“A green roof acts like a natural sponge that absorbs stormwater and curtails runoff,” Aaron Durnbaugh, the university’s director of sustainability, explained in a statement. He went on to note that the university’s Chicago campus is located on the shores of Lake Michigan, which makes reduced runoff a real priority for protecting local water quality.
All evidence would suggest this is a priority the university takes seriously, as the 2,400-square-foot Cuneo Hall installation marks the institution’s seventh green roof project. All of them make use of the LiveRoof Hybrid Green System. Under this system, plants specially selected for the local climate are grown in containers that exactly approximate the dimensions of the destination roof. Plants are grown to full maturity, then shipped via their modular containers and fitted into place. The containers are then removed, allowing for the free flow of water, nutrients and beneficial mico-organisms between plants.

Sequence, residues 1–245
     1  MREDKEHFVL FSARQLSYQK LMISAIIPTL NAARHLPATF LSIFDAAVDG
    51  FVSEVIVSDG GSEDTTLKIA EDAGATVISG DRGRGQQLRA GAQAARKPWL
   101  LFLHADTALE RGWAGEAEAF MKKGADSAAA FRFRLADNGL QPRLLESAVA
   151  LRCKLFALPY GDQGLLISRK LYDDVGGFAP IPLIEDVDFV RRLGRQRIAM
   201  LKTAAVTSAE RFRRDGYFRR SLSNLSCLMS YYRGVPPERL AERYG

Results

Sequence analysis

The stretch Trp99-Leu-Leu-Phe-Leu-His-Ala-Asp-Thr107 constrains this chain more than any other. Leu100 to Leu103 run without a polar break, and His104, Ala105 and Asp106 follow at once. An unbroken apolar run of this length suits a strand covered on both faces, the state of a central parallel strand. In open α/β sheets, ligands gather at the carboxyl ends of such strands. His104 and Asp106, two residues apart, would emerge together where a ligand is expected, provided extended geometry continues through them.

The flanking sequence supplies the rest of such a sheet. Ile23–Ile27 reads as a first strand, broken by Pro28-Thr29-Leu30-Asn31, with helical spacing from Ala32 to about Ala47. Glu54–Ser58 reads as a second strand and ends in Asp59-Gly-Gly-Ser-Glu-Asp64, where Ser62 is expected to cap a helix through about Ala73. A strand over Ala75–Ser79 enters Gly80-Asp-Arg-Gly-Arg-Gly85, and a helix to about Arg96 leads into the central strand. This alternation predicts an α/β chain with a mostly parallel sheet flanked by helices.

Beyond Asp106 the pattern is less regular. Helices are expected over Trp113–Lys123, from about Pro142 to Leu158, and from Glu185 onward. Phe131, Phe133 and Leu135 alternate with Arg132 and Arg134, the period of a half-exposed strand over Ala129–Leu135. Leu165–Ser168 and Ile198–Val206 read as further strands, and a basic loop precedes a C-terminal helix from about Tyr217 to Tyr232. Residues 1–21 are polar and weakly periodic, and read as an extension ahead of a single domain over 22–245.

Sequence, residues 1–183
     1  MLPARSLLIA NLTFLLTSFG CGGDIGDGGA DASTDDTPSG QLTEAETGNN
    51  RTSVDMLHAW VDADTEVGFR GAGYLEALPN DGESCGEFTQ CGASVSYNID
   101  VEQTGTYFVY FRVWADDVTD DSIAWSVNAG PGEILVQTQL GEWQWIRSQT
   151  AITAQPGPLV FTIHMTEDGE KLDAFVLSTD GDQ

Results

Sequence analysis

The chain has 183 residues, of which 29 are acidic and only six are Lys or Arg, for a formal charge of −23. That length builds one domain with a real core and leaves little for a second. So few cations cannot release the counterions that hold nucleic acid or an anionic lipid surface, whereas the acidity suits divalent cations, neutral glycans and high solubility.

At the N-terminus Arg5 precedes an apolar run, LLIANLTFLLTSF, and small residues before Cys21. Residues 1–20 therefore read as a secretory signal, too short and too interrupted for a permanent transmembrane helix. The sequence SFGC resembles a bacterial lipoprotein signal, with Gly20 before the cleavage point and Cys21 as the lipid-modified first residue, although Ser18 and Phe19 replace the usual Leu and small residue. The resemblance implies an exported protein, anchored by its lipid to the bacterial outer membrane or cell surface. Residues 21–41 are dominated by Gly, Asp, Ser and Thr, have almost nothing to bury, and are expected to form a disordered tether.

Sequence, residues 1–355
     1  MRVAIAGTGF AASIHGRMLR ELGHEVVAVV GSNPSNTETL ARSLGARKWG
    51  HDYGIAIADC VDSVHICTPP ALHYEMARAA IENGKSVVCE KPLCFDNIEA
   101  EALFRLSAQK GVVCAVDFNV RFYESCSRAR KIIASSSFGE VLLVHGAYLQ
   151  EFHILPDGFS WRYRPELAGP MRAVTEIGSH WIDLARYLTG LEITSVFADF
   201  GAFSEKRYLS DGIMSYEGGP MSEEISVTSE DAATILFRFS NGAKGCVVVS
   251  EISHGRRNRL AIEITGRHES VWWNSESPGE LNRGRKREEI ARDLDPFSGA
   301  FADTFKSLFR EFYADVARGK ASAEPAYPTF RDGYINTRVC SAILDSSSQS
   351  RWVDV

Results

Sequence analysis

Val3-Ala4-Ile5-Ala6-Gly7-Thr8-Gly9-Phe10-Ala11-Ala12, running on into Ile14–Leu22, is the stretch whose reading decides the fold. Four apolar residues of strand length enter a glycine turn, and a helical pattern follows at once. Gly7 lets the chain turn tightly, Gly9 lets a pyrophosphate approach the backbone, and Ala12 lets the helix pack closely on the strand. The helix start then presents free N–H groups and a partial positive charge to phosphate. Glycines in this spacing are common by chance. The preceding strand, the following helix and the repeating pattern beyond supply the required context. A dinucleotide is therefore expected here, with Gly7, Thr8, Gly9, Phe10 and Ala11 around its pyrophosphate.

Loyola also tapped LiveRoof — a company based not far away, in Spring Lake, Mich. — for the 7,650-square foot green roof installed on its Mundelein College building (pictured above), a historical landmark on the Loyola University Chicago campus, and the 5,400-square-foot green roof installed on top of its new Norville Center for Intercollegiate Athletics.
On the day of installation, LiveRoof modules are already fully vegetated with regionally adapted, full-grown plants that are mature, flourishing, and ready for the rigors of the rooftop environment — a plus over roofs that require years to fully grow in and deliver the benefits of a vegetated rooftop system, the company says. More on LiveRoof is available online.